Helen’s Golden Tears

Dear pagan readers,

 

Today, let’s talk about a very powerful aromatic plant which everyone knows and which many of you probably eat to on a daily basis. It is still widely used and considered in our kitchen and herbal medicine of nowadays, but not even as half as it was back in antiquity. This plant was considered sacred among ancient europeans and his name was synonymous with courage and bravery in ancient Greece. Ancient Greeks believed this plant and its extracts could restore vigor and mental acuity. They burned it as a religious incense to give them courage in battle. It was also burned as an incense at funerals and placed in the burial mound of the dead. Even Gaius Plinius Secundus, (circa 23 – 79 A.C.E.), better known as Pliny the Elder, said that when it is burned, it “puts to flight all venomous creatures”.

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Moreover, at the time of knights, ladies embroidered a bee buzzing around a sprig of thyme on the scarf of the knights. It was meant to make them remember that they should always bring fairness and kindness in their activities and that it would give them courage and strength, a kind of silent memory from the distant past. Thyme was used throughout the ancient world: the Egyptians applied it in the mummification process, the Greeks burnt it as incense in sacred temples, and Romans treated the depression with it. The ancient egyptians used thyme in the making of their embalmment preparation because of his antiseptic virtue and aroma. It was also used to perfume and purify the sacred greek temples and public bath for the same reason. And the romans were pretending to cure depression by eating and burning it. As said earlier, thyme is linked with bees and honey. Bees appreciate thyme flowers a lot and mediterranean thyme honey is among the most tasty and reputated honey around the world. During the middle ages a sprig of thyme was placed under the pillow to induce sleep and to prevent nightmares. According to another folk belief, fairies supposedly love thyme. Throughout Europe people used to plant large beds of thyme to attract fairies. In A Midsummer Nights Dream, Shakespeare referenced that folk association when writing that Titania, the Queen of the fairies, often went to “a bank whereon the wild thyme blows”. My grand mother told me once ”Oh! Such beautiful memories I keep of the hikes through the hills of Spain and Italy when we found blooming bushes of thyme. What flavor, what strength and power which emerged from small leaves that look more like needles. Indeed, when it grows in its place of origin, thyme is picked pretty dry but with a concentration that we do not get here in our wetter and colder climate”. ”It is the enemy of the toxines because it is a powerful antiseptic” thus said Armand Trousseau(1801-1867) the famous french doctor who performed the first tracheotomy in Paris. This claim as been clinically proven nowadays. As you can see, thyme is a thousand purposes plant, symbol of purity and courage throughout the ages.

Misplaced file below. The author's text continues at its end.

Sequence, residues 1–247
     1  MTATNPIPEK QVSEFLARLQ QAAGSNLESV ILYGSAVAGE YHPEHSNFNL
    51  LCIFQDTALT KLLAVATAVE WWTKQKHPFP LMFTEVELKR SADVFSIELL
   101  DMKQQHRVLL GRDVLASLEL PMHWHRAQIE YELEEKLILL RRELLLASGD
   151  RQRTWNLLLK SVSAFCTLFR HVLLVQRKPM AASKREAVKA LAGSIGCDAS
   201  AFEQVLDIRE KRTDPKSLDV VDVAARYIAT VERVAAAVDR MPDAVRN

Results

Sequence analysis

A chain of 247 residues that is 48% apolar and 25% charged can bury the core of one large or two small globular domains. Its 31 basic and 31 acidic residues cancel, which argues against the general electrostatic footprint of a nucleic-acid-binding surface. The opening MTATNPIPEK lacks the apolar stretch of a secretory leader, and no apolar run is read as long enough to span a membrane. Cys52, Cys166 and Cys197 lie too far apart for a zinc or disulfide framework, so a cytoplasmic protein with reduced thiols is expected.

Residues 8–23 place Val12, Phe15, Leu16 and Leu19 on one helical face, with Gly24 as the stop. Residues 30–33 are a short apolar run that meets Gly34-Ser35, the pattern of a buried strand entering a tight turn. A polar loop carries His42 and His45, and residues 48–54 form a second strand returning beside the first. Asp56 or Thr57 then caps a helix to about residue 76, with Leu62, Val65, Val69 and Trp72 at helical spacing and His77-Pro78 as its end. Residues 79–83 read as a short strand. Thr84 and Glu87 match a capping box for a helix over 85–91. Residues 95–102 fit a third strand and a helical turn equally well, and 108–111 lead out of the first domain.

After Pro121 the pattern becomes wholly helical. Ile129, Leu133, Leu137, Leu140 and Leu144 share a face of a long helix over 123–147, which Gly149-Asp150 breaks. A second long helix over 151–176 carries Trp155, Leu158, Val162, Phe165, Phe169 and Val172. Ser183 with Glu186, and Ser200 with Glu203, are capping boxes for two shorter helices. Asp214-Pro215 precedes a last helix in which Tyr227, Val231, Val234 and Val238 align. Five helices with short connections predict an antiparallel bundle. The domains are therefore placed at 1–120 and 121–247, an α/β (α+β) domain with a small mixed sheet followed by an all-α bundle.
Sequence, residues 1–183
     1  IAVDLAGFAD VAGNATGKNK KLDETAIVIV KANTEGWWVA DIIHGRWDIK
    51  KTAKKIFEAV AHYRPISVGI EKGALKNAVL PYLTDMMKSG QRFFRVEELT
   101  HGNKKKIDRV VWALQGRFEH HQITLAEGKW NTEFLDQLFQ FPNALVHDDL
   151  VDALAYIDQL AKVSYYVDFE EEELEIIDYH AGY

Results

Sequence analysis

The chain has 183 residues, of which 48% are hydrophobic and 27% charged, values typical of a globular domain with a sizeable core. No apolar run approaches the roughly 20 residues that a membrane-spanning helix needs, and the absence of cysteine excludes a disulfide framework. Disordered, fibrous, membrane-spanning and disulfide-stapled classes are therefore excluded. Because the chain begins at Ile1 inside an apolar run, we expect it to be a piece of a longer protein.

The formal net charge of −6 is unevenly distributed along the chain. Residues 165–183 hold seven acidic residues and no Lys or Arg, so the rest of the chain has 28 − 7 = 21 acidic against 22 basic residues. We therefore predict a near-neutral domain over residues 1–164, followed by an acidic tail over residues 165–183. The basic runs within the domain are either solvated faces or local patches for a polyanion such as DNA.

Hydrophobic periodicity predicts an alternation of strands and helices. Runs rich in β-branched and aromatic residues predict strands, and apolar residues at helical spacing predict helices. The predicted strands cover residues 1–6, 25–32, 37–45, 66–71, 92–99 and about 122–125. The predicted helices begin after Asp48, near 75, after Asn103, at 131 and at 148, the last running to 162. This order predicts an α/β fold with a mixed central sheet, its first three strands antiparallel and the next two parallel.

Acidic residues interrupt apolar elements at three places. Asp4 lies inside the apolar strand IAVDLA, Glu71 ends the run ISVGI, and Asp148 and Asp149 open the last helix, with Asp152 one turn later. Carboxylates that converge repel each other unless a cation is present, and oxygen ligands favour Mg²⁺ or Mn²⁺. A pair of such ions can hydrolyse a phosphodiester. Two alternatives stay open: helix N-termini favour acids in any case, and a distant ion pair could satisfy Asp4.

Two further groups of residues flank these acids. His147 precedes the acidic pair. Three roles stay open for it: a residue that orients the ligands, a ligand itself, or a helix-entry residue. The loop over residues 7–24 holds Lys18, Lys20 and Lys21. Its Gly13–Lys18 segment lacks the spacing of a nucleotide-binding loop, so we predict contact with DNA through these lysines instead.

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After all, it’s pretty normal that this plant is highly considered for so long when we learn that it is born from the silent tear drop of the most beautiful of all women on earth. Thymus vulgaris, as told in the Iliad, is born from the tear drop of Ἑλένη της Σπάρτα, better known as Helen of Troy, one of the three iconic sorceresses in the pagan initiation ritual. In fact, thyme, is one of the secret lore given to the initiate by the sorceress. A gift, to strengthen the May King’s Hamingja. For a person ‘said to smell of thyme’ meant someone of admirable style, activity, and energy. As you may have understand, the Iliad is in fact a description of the pagan initiation ritual. But that is another subject that I will eleborate in future articles…

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Once again I ask you all: will you refuse such a beautiful gift given to us by a living goddess? So celebrate the health, purity and courage by making good use of the thyme!

 

Hail the pagan secret lores! Hail Europa!

 

Fredrik Blanchet

 

 

 

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Birds of a feather flock together: The sacred feast of Váli

Dear pagan readers,